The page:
My research encompasses a wide variety of topics. Overall, I describe it as that which lies at the intersection of agroecology, conservation, and biodiversity research, all under the umbrella of entomology.
I am fascinated by the movement ecology of insects. Much of my research is focused on the long-distance migration of Nearctic hover flies (Diptera: Syriphidae). Using stable hydrogen isotopes, I discovered that common North American hover fly species, such as Eupeodes americanus, migrate from the upper Midwest and Canada to at least the southeastern United States during autumn. Furthermore, there are morphological, behavioral, and physiological mechanisms which may be linked to this. These findings are likely to have major ecological and economic consequences, given that these insects are important pollinators and biological control agents. For my postdoctoral work I am exploring continental-scale population genomics of these hover flies. Stay tuned!
For more information, please see this publication: https://doi.org/10.1002/ecm.1542
IPM and biological control
I believe that Integrated Pest Management (IPM) is a cornerstone of agricultural sustainability and biodiversity conservation. Therefore, I have conducted numerous studies assessing the impacts of cultivation on beneficial insects. In a collaborative study with Illinois organic farmers, I found that field borders and non-cultivated habitat is crucial for supporting overwintering biodiversity of beneficial predacious arthropods in agricultural landscapes.
For more information, please see this publication: https://doi.org/10.1093/jisesa/ieab027
Pesticides play an important role in agricultural production and agroecology. One perpetual topic of concern is how insecticides impact beneficial insects, such as pollinators and predators. In one study led by an undergraduate mentee of mine, we found that hover flies may be capable of detecting the neonicotinoid insecticide clothianidin in nectar resources. In another project in collaboration with members of the Harmon-Threatt lab, we are assessing the impacts of neonicotinoid seed coatings on soil-dwelling bees and beetles.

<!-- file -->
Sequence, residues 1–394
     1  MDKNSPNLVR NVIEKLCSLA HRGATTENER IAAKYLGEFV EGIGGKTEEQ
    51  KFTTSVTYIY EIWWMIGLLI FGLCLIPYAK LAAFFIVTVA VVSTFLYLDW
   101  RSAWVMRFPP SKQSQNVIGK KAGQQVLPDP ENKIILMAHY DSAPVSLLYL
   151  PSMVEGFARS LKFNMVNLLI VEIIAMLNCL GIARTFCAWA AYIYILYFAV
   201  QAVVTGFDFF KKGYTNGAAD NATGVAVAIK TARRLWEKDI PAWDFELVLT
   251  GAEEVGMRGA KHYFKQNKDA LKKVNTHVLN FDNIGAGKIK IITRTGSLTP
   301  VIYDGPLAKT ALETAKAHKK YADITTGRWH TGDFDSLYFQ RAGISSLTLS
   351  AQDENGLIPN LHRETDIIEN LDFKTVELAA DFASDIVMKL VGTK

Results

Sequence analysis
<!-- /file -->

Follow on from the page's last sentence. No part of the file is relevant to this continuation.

For more information, please see this publication: https://doi.org/10.1371/journal.pone.0234820
Faunistics and biodiversity
I have a passion for insect biodiversity that has led me to become involved in insect collections and large specimen datasets. These data offer a wealth of information which can be used to answer a wide variety of scientific questions. Currently I am working with the Illinois Natural History Survey and Georgia Museum of Natural History to curate and digitize their hover fly collections. We are combining these data with other datasets (including citizen science data like iNaturalist), to gain perspectives on conservation needs of certain species and taxonomic groupings. I am also producing an extension publication that outlines common species endemic to the southeastern US.
During my times at Auburn University, I did similar projects with the Auburn University Museum of Natural History to produce works on assassin bugs (Reduviidae) and broad-headed bugs (Alydidae) of Alabama. This culminated in two publication, one of which includes an extensive dichotomous key to 61 assassin bug species.
For more information, please see these publications: https://doi.org/10.11646/zootaxa.4688.2.1
Native Plant Conservation
During my master’s work at Auburn University under Dr. David Held, I examined the impacts of native trees on insect biodiversity in suburban landscapes. We published a review that compared caterpillar host records on native and non-native trees, finding that native trees could support nearly 5x as many species as non-native trees. I also conducted a massive common garden experiment involving some 300 saplings, exploring the associational interactions between native and non-native plants. Here, I planted trees in different configurations, mixing native and non-native species. We found evidence of ‘island’ or ‘funnel’ effects when native trees are surrounded by non-native trees, suggesting that native plants planted in a sea of non-natives may incur greater damage and stress compared to natives mixed with other natives. These studies emphasize the importance of native trees in enhancing biodiversity and upholding ecosystem stability in urban and suburban environments.
For more information, please see these publications: